The pain of unfulfilled purpose is a part of life in this world. The book Outliers, by Malcolm Gladwell, is partly about this. The “outliers” his title refers to are the ones who, largely by accident, have actually found their way into doing what they were seemingly born to do. They are outliers because there are far more people in our world who do not find their way into a full expression of their gifts. For example, just consider the ordinary misfortune of gifted people born into poverty whom our society has no way to identify or to channel into their gifts’ fulfillment. Lives such as theirs are lived against a backdrop of unfulfilled purpose, which is an altogether commonplace pain.

Jesus said his joy will be in us and our joy will be complete (John 15:11). I think it must be that the provision for the fulfillment of our purpose is part of what is bound up in this promise. Each of us was made unique and each of us was made for a purpose, if not various purposes. This broken and incomplete world keeps us from finding the fulfillment of those purposes, but now God has begun remaking the world. Those who are called by him, called into faith, have purposes within his plan for this remaking. We frequently do not recognize these purposes, because none of us can claim to know God’s plan well enough to see our own small place within it. Yet by means of the Spirit that fills them and the circumstances created around them, God is now moving people into places of purpose, places of joy.

Is it okay that I just used a war general as the illustration by which to convey this point about Jesus’ promise of joy? It is okay. Generals are part of creation, even an intended part. At present, we know there is an insurrection even in heaven—a war. In some fashion, there must be generals in this conflict as well. God is bringing not just a new earth but a new heaven along with it (Revelation 21:1), and presumably strife will be brought to an end in both. But still, everything we see here on earth is a veiled hint at the form God intends, the true form waiting beyond. If there are generals here and arguably generals also in heaven, there must be something comparable in the world to come, even after the wars on earth and the war in heaven are over. Somehow, there will be figures who organize and lead others through endeavors of great cost and striving, even if the outcome of those endeavors is no longer to be the worldly hell that General Sherman knew.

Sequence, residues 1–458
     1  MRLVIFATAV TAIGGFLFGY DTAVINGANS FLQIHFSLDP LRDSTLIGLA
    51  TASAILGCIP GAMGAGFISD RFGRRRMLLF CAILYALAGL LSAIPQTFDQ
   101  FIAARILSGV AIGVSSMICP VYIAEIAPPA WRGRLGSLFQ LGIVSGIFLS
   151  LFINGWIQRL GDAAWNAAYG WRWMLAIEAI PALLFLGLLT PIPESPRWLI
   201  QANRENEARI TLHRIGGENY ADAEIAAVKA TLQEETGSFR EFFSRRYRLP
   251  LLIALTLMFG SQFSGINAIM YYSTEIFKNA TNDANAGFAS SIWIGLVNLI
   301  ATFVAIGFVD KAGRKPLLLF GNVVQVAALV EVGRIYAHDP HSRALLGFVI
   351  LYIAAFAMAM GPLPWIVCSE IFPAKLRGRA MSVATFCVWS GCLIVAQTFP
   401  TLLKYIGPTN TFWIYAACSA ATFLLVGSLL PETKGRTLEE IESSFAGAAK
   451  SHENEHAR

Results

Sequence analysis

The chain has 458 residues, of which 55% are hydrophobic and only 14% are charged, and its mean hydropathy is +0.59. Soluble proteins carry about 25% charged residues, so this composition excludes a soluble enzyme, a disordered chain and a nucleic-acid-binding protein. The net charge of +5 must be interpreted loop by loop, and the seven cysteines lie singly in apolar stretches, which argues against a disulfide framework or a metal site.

I don’t know if the moviemakers responsible for Patton were mocking General Patton in the opening scene of the film, that famous scene in which he is standing alone before a big American flag. This movie would have been filmed during the Vietnam War; perhaps there was an undercurrent flowing through this film’s creation, a mood of questioning or recoiling from admiration for generalship. In that famous opening scene, a huge flag surrounds a man who is small by comparison. But then in the movie’s final scene, we see something different. We see Patton walking out of the story by walking across a battlefield now empty because the war is over. The purpose he was given to pursue by his Creator is ultimately bigger than the tiny war in which this calling was given expression. 

Tiny? You might object; it was a world war, the biggest in history. Of course that’s true. However, it was a world war limited to just this world, which is finite and finished. We will have work to do and victories to win within the world that is to come.

The Grapes of Wrath (1940)—The Religion of I Don’t Know

[I am writing about 100 films of the 20th century. Learn more about this project.]

In the story of the Joads, unlike the story of Job, the whirlwind comes at the beginning.

The Grapes of Wrath (the film based on the John Steinbeck novel) tells the story of a poor Oklahoma family whose way of life is literally blown away by the winds of the Dust Bowl. The combination natural/manmade disaster of the plains in the 1930s resulted from unsustainable farming practices that left the soil no longer able to withstand wind erosion during drought. Dust storms left farms no longer productive in the Oklahoma panhandle and elsewhere, forcing sharecropper “Okies” to flee the land they knew in search of better prospects somewhere else in Depression America. The name Joad is a barely veiled allusion that the suddenness and totality of the losses befalling this family find their comparison in the losses inflicted upon the character from the Bible.